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Abu Dhabi, UAEWednesday 20 June 2018

Will 2018 be the year Abenomics finally comes of age?

Shinzo Abe in 2012 unveiled a economic policy package to sustainably revive the Japanese economy while maintaining fiscal discipline

In late 2012, Japanese prime minister Shinzo Abe unveiled a comprehensive economic policy package to sustainably revive the Japanese economy while maintaining fiscal discipline. Akio Kon / Bloomberg.
In late 2012, Japanese prime minister Shinzo Abe unveiled a comprehensive economic policy package to sustainably revive the Japanese economy while maintaining fiscal discipline. Akio Kon / Bloomberg.

Will 2018 be the year Abenomics finally comes of age?

In late 2012, the Japanese prime minister Shinzo Abe unveiled a comprehensive economic policy package to sustainably revive the Japanese economy while maintaining fiscal discipline.

The programme, which came to be known as “Abenomics,” is based upon the “three arrows” of monetary easing, fiscal stimulus and structural reforms. It postulated that unprecedented monetary easing and government spending would tackle deflation and buy time to implement much-needed structural reforms.

Specific policies include inflation targeting at a 2 per cent annual rate, correction of the excessive yen appreciation, setting negative interest rates, radical quantitative easing, expansion of public investment, buying operations of construction bonds by the Bank of Japan and revision of the Bank of Japan Act.

Two of the “three arrows” were implemented in the first weeks of the Abe government. Mr Abe quickly announced a ¥10.3 trillion (Dh336.8 billion) stimulus bill, and appointed Haruhiko Kuroda, then president of the Asian Development Bank, to the post of governor of the BoJ, with a mandate to achieve the 2 per cent target inflation rate through quantitative easing.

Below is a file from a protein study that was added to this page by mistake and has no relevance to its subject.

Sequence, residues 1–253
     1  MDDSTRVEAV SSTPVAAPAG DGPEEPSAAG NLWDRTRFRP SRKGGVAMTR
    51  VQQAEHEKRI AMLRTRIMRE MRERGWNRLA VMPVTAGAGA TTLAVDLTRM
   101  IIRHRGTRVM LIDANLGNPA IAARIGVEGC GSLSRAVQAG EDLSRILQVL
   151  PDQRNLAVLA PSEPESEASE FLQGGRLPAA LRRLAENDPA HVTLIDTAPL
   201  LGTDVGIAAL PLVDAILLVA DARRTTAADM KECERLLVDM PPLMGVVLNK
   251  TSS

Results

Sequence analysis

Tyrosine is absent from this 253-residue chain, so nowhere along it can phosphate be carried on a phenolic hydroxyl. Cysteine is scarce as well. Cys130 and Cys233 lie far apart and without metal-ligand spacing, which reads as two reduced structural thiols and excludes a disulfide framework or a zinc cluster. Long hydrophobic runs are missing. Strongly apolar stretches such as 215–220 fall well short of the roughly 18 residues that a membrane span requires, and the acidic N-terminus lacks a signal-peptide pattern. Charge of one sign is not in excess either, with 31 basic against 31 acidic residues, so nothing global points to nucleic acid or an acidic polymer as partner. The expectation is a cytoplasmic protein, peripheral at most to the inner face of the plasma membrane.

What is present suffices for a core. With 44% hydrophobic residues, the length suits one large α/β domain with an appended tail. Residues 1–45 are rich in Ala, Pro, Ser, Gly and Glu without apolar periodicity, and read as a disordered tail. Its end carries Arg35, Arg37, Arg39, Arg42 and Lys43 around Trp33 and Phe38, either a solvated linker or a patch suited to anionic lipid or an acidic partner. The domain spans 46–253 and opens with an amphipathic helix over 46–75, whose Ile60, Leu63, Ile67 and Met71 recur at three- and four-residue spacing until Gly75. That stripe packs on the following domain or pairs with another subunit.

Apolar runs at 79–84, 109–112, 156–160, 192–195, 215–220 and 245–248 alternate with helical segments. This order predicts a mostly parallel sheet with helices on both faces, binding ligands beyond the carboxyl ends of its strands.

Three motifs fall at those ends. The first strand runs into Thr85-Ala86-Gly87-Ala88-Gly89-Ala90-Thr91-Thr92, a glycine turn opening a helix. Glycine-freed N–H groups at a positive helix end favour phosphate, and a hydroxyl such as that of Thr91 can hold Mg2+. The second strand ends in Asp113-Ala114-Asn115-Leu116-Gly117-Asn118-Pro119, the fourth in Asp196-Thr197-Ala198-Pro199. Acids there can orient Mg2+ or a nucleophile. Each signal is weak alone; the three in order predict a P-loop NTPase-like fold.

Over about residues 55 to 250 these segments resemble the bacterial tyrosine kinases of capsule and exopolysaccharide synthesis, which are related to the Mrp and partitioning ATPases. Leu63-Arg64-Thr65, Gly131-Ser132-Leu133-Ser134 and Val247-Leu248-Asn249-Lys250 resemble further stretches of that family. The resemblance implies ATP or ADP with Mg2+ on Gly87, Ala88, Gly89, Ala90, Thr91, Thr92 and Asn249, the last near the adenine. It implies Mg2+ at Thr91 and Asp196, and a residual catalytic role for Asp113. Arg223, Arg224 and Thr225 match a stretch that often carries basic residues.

Structural reforms have taken more time to implement, although Mr Abe made some early moves on this front such as pushing for Japanese participation in the Trans-Pacific Partnership agreement.

Abenomics had immediate effects on various financial markets in Japan. By February 2013, the Abenomics policy led to a dramatic weakening of the yen and a 22 per cent rise in the Tokyo Stock Price Index.

Corporate Japan enjoyed record profits for fiscal 2016 despite the headwinds from a strong yen. According to a Nikkei survey, listed companies’ net profit grew by 18 per cent, a first increase in two years, with trading houses rebounding from their previous resource losses and communications businesses benefiting from the smartphone boom.

The unemployment rate fell from 4 per cent in the final quarter of 2012 to the current 2.8 per cent, figures from Japan’s ministry of internal affairs and communications’ statistics bureau show.

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In the second quarter of 2013, the yen fell about 25 per cent against the US dollar compared to the same period in 2012, with a loose monetary policy being followed.

The lower rate compared to 2012 has remained about unchanged, with the US dollar currently at ¥112, compared to just under ¥84 then.

Under a weaker yen, Abenomics increased the cost of imports, including food, oil and other natural resources upon which Japan is highly reliant. However, the Abe government viewed this as a temporary setback, as the weaker yen would eventually increase export volumes.

Japan also managed to maintain an overall current account surplus because of investment income from overseas. Japanese ministry of finance figures show last year’s surplus set hit a 10-year high of ¥10.51tn, the largest since the ¥12.25tn logged through the second half of 2007.